DOC HOLLIDAY

On November 8, 1887 Doc Holliday died from tuberculosis.

Born in Georgia, Holliday was raised in the tradition of the southern gentleman. He graduated from the Pennsylvania College of Dental Surgery in 1872. However, shortly after starting his career as a dentist in Atlanta, he developed a bad cough. Doctors diagnosed it as tuberculosis and advised him to move to a more arid climate. So, he moved to Dallas, Texas.

Even though Holliday was a good dentist, and had a successful practice, gambling interested him more than teeth, and he became a skilled poker and faro player.

About 1875, Holliday began drifting between the Wild West Boomtowns of Denver, Cheyenne, Deadwood, and Dodge City, making his living gambling and aggravating his tuberculosis with heavy drinking and late nights.

Although they were strange bedfellows, Holliday and Wyatt Earp were loyal friends. Following the O. K. Corral shootout, because of an arrest warrant, Holliday left Arizona and returned to the life of a western drifter, gambler, and gunslinger.

By 1887, his hard living had caught up to him, forcing him to seek treatment for his tuberculosis at a sanitarium in Glenwood Springs, Colorado. He died in his bed at the age of 36.

It’s interesting to note that although movies about Tombstone show Doc Holliday as being consumed with tuberculosis, in reality, as a result of Tombstone’s dry climate, he had little trouble with his tuberculosis.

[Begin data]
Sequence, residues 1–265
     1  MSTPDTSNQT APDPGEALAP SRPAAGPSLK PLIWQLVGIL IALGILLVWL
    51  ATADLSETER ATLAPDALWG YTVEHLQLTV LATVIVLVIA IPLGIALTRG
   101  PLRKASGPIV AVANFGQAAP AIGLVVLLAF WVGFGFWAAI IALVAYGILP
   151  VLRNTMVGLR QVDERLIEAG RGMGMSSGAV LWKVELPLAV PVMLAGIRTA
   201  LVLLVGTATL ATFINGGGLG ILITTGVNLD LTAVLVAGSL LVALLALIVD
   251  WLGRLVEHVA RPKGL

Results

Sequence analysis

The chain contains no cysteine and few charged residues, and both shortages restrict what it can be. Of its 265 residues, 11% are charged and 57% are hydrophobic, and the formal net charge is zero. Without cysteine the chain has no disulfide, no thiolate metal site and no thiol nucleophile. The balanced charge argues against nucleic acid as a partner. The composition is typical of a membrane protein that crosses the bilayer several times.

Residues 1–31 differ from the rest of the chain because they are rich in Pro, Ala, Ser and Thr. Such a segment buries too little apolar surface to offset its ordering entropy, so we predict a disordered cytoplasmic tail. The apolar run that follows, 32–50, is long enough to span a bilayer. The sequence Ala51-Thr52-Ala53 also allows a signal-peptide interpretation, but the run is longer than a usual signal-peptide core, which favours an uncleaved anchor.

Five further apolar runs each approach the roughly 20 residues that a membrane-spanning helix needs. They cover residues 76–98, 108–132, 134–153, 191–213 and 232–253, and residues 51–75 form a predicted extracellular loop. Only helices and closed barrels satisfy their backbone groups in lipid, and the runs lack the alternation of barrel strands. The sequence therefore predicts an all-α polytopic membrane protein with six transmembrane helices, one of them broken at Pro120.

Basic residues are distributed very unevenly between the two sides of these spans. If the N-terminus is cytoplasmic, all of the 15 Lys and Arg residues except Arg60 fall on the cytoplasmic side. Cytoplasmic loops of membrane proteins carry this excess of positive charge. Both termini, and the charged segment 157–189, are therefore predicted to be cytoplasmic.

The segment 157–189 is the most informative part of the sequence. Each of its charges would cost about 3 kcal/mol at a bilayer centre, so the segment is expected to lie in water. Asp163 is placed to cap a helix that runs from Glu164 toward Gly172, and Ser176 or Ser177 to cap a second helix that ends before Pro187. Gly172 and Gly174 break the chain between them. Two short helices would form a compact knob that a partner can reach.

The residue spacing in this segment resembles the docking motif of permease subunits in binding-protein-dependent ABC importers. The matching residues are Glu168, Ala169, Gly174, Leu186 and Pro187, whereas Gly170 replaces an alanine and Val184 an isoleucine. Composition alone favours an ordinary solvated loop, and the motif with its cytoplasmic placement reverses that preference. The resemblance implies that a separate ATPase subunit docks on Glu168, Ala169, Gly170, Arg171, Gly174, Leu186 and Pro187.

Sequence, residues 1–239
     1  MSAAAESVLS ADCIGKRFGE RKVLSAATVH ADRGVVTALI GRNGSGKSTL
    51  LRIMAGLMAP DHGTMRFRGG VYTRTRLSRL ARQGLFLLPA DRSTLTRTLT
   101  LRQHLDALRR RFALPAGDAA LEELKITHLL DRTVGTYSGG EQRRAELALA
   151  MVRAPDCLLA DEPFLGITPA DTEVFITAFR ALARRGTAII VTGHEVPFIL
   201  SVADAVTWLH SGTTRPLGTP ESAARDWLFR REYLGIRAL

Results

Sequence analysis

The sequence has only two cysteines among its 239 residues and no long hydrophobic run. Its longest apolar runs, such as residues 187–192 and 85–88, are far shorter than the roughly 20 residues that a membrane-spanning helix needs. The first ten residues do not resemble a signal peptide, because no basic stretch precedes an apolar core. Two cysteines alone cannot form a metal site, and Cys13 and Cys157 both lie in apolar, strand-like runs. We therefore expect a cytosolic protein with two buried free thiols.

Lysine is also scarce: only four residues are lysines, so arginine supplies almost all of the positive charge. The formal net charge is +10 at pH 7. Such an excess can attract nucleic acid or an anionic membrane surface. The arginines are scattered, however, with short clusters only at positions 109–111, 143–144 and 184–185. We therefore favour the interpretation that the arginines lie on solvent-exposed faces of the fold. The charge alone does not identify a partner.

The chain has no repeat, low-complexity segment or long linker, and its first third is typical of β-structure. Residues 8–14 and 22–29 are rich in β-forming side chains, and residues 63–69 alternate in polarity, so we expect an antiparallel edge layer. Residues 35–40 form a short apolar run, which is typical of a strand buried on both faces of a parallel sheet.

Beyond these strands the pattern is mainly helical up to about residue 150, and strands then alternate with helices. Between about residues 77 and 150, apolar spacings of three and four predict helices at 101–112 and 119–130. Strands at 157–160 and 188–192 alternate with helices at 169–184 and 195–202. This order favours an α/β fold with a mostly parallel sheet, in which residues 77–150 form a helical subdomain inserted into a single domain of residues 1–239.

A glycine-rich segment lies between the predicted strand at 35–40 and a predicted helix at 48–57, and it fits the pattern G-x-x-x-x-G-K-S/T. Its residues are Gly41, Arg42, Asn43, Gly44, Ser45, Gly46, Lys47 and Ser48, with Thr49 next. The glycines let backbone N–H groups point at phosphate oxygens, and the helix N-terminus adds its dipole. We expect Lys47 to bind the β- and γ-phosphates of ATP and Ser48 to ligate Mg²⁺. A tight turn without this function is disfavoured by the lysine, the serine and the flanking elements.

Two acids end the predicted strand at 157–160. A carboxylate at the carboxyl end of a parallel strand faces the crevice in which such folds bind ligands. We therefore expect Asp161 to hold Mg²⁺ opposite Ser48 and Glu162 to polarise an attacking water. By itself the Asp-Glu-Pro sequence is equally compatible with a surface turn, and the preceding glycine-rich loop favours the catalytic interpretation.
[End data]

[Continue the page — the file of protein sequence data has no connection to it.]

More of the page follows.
BILL BARWICK

We’re in Denver for the weekend attending the WESA apparel show…Looking for new lines for our Dog Jake on-line western store.

Saturday night Bill Barwick, the cowboy singer who’s going to be entertaining us on our Following the Legends Cruise to Alaska, was performing at the Buckhorn Saloon.  We were able to run over there and listen to a couple of sets.  He sure is a great singer and entertainer.

 To hear Bill go to http://www.billbarwick.com/sgs.php

BILLY THE KID TV SHOW

Saw the Billy the Kid TV show.  If you didn’t you missed a great biography.  That Billy the Kid was sure a unique individual.

Two things struck me about the show.  First, most of the talking heads are friends.  And let me tell you, they picked the cream of the crop.

The second thing was that it was obvious and sad that there is only one picture of Billy the Kid.

That picture has an interesting history.  Right now I’m on my way to Denver, CO.  When I get home, I’ll tell you a bit about the history.

 

 Page 4 of 4 « 1  2  3  4